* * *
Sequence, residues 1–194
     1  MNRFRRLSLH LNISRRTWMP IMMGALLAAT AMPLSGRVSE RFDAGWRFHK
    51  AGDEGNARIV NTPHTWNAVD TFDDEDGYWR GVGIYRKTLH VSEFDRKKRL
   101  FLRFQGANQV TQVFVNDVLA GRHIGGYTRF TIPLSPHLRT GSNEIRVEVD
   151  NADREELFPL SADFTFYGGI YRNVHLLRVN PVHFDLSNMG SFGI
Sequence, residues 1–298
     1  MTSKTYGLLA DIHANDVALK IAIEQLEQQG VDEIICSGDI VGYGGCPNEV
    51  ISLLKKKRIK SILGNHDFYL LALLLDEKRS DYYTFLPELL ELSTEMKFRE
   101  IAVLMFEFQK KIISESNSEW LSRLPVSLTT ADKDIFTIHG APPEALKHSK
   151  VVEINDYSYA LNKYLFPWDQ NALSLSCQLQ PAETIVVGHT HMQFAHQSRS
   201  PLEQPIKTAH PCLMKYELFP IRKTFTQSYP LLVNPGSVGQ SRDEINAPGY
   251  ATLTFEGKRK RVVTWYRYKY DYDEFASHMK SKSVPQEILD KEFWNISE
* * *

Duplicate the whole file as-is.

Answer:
Sequence, residues 1–194
     1  MNRFRRLSLH LNISRRTWMP IMMGALLAAT AMPLSGRVSE RFDAGWRFHK
    51  AGDEGNARIV NTPHTWNAVD TFDDEDGYWR GVGIYRKTLH VSEFDRKKRL
   101  FLRFQGANQV TQVFVNDVLA GRHIGGYTRF TIPLSPHLRT GSNEIRVEVD
   151  NADREELFPL SADFTFYGGI YRNVHLLRVN PVHFDLSNMG SFGI
Sequence, residues 1–298
     1  MTSKTYGLLA DIHANDVALK IAIEQLEQQG VDEIICSGDI VGYGGCPNEV
    51  ISLLKKKRIK SILGNHDFYL LALLLDEKRS DYYTFLPELL ELSTEMKFRE
   101  IAVLMFEFQK KIISESNSEW LSRLPVSLTT ADKDIFTIHG APPEALKHSK
   151  VVEINDYSYA LNKYLFPWDQ NALSLSCQLQ PAETIVVGHT HMQFAHQSRS
   201  PLEQPIKTAH PCLMKYELFP IRKTFTQSYP LLVNPGSVGQ SRDEINAPGY
   251  ATLTFEGKRK RVVTWYRYKY DYDEFASHMK SKSVPQEILD KEFWNISE